Twenty years ago, in Kenya's Central Province, a fence was built to protect the endangered black rhino. Now that fence has been expanded. The nearly completed barrier is 400 kilometers long. It encloses Aberdares National Park and helps promote ecosystem management, farming and public education. Voice of America English to Africa Service reporter, Sara Nics, at Aberdares, describes the scene.

On a steep, forested hillside, four men are unrolling wire mesh and nailing it to tall wooden beams. They carefully bury the base of the fencing in a three-foot trench.

Colin Church looks out at the view over Kenya's central province. He explains why the fence is being built along the edge of Aberdares National Park, "That is farmland, thousands of farmers on what is called the Kinangop Plateau, where there is mixed farming?very intense farming, right up against the fence."

Church is the executive director of the charitable trust called Rhino Ark, which has been building the barrier for the past 20 years.

So far, the project has completed about 350 kilometers of electrified fence, enclosing almost 2000 square acres of wilderness. 

He says, "The fence is seven feet above ground, three feet below ground. It stops wild pig?bush pig and forest hog and porcupine. The fence of course is impregnable to elephant as well. Essentially, this is a very, very strong barrier?. In these mountain systems, with their indigenous forests and with millions of farmers living on the lower slopes, you have to have a barrier that everyone respects: the elephant on one side, and the farmers on the other."

The original purpose of the project was to help stop the poaching of the black rhinoceros that live in these mountains. The fence helps keep out people who would kill rhino for their horns and other animals for their meat.

But over the past 20 years, the goal has expanded. Staff at the Rhino Ark, the Kenya Wildlife Service and the Kenya Forest Service came to understand that the Aberdares mountain range is more than a sanctuary for nearly two dozen endangered rhino.

The rain that falls on the mountains including neighboring Mt. Kenya is the source of five of Kenya's largest rivers. The water that is caught and filtered here irrigates land for many, many miles. The fence prevents people from illegally harvesting the trees that make the Aberdares such a valuable water catchment area.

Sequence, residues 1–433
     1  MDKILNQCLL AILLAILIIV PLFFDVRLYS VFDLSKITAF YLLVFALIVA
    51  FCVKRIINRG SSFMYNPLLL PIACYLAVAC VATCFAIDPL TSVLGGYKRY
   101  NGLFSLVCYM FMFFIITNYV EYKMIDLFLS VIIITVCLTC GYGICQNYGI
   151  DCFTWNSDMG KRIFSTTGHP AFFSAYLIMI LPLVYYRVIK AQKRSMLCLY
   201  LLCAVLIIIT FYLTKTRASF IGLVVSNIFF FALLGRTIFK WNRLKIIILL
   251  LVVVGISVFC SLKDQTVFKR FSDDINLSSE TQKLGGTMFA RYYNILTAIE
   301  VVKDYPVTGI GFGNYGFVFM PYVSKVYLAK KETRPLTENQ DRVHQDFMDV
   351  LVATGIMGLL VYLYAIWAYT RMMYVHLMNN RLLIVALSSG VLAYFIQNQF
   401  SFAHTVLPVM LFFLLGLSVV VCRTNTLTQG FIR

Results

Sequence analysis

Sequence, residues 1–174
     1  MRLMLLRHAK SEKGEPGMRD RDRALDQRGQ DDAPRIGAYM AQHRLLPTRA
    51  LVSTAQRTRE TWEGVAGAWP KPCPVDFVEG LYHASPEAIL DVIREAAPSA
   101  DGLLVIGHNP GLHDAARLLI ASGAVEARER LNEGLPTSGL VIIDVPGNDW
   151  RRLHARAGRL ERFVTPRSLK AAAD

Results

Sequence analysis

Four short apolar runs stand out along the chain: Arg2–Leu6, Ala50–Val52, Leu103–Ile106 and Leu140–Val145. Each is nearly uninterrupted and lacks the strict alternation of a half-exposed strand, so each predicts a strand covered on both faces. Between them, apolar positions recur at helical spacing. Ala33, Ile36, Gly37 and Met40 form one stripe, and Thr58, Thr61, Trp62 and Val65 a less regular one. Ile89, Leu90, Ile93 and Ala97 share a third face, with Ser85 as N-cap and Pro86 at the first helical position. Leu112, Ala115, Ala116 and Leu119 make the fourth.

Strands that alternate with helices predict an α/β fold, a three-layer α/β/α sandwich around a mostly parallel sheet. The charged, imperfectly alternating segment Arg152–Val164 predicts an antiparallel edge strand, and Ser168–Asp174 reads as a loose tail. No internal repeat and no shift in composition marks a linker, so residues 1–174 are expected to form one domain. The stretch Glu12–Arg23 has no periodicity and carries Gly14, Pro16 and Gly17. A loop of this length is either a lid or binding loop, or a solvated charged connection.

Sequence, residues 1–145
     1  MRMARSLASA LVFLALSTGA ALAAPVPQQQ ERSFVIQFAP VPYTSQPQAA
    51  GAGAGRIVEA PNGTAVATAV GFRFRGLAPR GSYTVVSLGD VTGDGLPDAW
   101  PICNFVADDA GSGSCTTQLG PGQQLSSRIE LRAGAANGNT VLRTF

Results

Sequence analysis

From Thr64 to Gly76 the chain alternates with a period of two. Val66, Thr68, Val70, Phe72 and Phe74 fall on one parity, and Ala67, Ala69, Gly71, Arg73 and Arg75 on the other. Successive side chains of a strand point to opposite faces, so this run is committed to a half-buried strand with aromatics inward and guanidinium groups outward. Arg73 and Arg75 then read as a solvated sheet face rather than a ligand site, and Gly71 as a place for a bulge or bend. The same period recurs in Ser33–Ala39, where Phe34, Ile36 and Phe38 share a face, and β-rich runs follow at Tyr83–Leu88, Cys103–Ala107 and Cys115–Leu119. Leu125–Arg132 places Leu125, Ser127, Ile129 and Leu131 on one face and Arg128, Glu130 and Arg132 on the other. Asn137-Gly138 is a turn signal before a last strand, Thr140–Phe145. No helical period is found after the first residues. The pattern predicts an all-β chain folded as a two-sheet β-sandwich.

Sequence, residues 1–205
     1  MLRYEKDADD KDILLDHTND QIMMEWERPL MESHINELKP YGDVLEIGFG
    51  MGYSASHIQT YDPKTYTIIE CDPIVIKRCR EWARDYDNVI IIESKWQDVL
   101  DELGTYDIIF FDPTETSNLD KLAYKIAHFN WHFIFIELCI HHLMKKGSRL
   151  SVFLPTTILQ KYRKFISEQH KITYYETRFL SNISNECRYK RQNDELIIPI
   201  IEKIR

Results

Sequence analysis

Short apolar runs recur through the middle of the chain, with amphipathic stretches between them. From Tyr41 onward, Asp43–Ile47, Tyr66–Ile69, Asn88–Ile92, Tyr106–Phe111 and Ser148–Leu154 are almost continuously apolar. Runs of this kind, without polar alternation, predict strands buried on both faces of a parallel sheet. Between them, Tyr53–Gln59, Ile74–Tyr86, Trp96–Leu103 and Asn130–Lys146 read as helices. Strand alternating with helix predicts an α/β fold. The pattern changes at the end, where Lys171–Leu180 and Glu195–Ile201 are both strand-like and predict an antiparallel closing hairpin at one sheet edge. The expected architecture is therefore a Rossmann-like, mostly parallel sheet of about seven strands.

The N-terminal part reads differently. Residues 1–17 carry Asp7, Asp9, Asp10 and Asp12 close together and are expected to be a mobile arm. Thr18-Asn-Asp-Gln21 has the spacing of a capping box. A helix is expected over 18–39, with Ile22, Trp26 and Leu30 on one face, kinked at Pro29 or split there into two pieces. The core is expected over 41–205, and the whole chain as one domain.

One of the park's wardens, Augustine Njoga, says the fence also protects the farms on the edge of the park.  "The fence was meant to protect the community, as well as protecting especially the rhino sanctuary. It was being used as a barrier to prevent the wildlife from getting out and destroying crops."

42-year-old Crispus Karue has lived and farmed here on the foothills of the Aberdaress his entire life. The fence is only a few feet from his three-acre farm, "These are potatoes, these are maize; we want to plant cabbages. We do sell them at the market and we just get something little for eating."

Before it was built, he says, elephants, water buffalo and other animals would often cross the hedges and game ditches that were intended to keep the wildlife and humans apart:

"Before the fence, we [had] a lot of problems with the animals -- the elephants, buffaloes, water bucks and the rest. When there was no fence they [would] come here [and kill] our animals like cows, goats; even sometimes they kill even people. [They would] come out from the forest to get food and to eat here. So they destroyed our crops."

Now, he says, with the animals kept at a distance, he and his family harvest almost everything they plant.

Warden Njoga says the rate of conflict between humans and wildlife has decreased by about 90 percent where the fence has been built. The property values of neighboring farms have increased by 50 to 200 percent. More farmers' children are able to go to school since they are no longer needed to guard the fields against wildlife.

Njoga says now the farmers who live next to the fence help protect it. They also help the Kenya Forest Service educate border communities about how the fence keeps humans safe from wildlife and wild spaces safe from humans.

But Rhino Ark director Colin Church says fences are not a solution country-wide, "It's not the solution for wildlife all over Kenya. We stress it every time: wildlife can not be fenced in everywhere. There are realities that we have to face. One is that we have created an island ecosystem, so there could be long-term challenges. "

To address that, Church says the Rhino Ark and the Kenya Wildlife Service are looking for ways to create corridors for elephant and other wide-ranging species. They are hoping to link the Aberdares with its neighboring park, Mt. Kenya, and the open rangelands to the north.

Church expects the initial 400 kilometers of fence will be complete in early 2009. It's taken 20 years to get this far. But now that Rhino Ark has expanded its goals to include protecting both the ecosystem and human communities, the project is only just beginning.